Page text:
Reporting Esme Murphy
MINNEAPOLIS (WCCO) — It is a phenomenon that doctors don’t fully understand: More girls beginning puberty at a younger age.
Most parents want their children to hold onto their childhood as long as possible, but when a girl starts developing in second and third grades, the changes that come with puberty can be confusing — even devastating psychologically.
A study published in the journal Pediatrics found that by age seven, 23 percent of black girls, 15 percent of Hispanic girls, 10 percent of white girls and 2 percent of Asian girls had started developing breasts.
On a gorgeous spring day at Como Park, families soaked in the weather, but when we brought up girls going through early puberty there was immediate recognition.
Melissa Miles has twin daughters.
“I find it alarming,” she said. “When I was younger, it seemed like it happened a lot later than it does now.”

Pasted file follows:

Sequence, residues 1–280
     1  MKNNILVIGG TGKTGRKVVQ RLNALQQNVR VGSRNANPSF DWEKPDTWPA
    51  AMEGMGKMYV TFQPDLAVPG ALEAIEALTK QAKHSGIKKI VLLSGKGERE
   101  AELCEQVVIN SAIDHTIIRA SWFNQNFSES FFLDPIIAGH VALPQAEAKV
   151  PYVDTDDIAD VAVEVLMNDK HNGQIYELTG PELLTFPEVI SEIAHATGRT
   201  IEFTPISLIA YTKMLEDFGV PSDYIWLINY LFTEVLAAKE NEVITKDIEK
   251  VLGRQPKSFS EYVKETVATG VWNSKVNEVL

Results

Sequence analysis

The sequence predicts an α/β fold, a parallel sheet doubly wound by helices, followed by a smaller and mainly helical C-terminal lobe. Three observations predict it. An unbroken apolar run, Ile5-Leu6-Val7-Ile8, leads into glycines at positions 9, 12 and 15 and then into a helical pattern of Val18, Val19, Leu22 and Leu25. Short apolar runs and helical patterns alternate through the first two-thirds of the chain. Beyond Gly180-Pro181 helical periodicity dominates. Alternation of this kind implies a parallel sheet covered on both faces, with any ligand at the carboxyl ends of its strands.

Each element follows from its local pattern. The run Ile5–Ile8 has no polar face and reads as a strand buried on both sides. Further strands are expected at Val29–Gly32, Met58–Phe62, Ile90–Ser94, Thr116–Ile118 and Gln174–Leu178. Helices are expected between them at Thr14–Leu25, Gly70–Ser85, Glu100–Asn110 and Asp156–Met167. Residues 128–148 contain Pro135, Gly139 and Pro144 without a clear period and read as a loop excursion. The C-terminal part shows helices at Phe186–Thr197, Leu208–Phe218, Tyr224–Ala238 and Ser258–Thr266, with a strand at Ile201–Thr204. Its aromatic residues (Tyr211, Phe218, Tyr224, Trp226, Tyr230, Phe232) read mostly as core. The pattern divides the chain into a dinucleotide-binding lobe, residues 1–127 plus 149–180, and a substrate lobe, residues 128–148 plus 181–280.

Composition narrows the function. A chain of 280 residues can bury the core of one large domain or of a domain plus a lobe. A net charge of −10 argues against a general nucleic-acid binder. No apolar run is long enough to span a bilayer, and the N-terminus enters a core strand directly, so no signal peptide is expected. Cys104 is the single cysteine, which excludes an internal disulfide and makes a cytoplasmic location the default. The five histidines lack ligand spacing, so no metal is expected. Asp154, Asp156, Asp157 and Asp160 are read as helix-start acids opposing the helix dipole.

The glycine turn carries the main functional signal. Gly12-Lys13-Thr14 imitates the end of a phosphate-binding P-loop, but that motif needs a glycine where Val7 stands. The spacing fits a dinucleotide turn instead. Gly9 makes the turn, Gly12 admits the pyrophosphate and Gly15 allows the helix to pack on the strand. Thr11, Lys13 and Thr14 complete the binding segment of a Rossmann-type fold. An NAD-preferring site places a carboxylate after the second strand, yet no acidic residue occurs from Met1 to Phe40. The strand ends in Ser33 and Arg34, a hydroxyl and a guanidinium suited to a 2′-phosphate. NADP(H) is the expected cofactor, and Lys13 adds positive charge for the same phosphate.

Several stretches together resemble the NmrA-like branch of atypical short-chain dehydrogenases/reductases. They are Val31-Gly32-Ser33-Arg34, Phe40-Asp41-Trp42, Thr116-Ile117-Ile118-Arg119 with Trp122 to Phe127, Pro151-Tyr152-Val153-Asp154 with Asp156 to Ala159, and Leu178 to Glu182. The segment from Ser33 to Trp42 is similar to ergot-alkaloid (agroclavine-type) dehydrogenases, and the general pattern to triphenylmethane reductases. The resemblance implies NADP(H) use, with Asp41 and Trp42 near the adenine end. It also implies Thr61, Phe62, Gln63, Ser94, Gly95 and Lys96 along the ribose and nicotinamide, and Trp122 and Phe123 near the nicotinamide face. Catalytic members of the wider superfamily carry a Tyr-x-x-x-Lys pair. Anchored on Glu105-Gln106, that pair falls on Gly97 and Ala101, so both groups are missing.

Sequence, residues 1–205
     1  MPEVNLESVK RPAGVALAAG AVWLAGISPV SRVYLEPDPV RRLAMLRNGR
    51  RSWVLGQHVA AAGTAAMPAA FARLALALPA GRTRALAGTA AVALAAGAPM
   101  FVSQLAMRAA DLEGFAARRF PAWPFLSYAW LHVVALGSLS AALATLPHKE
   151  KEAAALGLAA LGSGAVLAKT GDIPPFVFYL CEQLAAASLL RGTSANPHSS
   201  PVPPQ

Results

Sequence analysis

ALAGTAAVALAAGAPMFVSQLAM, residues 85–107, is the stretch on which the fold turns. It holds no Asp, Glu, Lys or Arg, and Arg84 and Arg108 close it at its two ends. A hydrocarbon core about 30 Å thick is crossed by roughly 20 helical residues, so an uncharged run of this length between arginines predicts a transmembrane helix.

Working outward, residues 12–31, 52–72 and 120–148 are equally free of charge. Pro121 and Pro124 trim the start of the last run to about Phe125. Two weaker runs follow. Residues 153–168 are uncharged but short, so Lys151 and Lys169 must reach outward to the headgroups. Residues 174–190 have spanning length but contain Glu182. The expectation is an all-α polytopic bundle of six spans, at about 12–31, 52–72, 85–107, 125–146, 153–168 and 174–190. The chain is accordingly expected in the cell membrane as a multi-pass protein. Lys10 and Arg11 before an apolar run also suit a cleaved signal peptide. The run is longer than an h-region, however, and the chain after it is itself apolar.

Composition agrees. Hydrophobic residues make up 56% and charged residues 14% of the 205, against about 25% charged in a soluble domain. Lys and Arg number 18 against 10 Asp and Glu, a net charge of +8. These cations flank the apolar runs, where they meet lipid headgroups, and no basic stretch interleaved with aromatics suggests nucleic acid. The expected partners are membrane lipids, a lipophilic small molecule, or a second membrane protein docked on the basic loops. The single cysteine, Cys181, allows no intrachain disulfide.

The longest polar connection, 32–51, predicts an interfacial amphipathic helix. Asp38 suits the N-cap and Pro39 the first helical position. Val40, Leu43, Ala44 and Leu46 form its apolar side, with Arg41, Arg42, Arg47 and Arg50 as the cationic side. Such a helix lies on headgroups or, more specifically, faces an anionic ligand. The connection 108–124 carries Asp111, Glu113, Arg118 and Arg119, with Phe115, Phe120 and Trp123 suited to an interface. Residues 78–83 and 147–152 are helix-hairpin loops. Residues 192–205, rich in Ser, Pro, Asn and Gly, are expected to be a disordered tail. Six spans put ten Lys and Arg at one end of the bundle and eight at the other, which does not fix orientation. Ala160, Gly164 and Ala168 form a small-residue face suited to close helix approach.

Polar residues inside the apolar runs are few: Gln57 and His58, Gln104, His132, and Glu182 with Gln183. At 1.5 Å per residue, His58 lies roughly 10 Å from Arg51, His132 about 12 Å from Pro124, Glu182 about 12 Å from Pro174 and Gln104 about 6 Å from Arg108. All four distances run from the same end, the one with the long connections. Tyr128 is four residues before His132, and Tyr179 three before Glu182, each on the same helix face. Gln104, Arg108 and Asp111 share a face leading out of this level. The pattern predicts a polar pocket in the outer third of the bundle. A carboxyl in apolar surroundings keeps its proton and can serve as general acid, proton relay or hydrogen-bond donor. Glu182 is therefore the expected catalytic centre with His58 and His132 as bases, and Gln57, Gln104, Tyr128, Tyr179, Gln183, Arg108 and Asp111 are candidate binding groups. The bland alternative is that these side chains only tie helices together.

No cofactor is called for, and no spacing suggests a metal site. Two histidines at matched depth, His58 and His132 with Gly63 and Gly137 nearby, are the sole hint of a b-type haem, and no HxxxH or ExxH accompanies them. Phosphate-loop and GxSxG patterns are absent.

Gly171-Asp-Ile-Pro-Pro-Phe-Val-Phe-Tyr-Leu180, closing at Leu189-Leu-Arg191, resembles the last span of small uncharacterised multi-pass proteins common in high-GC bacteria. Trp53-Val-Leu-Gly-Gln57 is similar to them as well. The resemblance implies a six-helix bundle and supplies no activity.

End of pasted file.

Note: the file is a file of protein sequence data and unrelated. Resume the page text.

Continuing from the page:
Dr. Bradley Miller is a pediatric endocrinologist with the University of Minnesota. He says one reason for the growing trend childhood obesity.
“Fat tissue actually makes more estrogen,” said Miller.
However, slender girls can also develop early. Some researchers point to environmental concerns like BPA that has been widely used in items like plastic bottles and cups growth hormones in foods like milk. Dr. Miller says the research is not conclusive, however.
“Some studies have supported that and other haven’t, so I don’t know if we know a cause,” said Miller.
The early onset of puberty means girls will be of shorter stature and at greater risk for medical diseases, like breast cancer. But the psychological effects can be the most serious.
At St. Paul Academy and Summit School, school counselor Sara Mairs says children need to talk about the changes.
“My biggest concern would be about the girl who would internalize and feel bad about who she is and start to engage in more destructive behaviors,” said Mairs.
Miller says parents should see a doctor if the signs of puberty emerge before age eight.
This is a phenomenon that is unique to girls. While it is possible for boys to go through puberty earlier than their peers, it is far more unusual.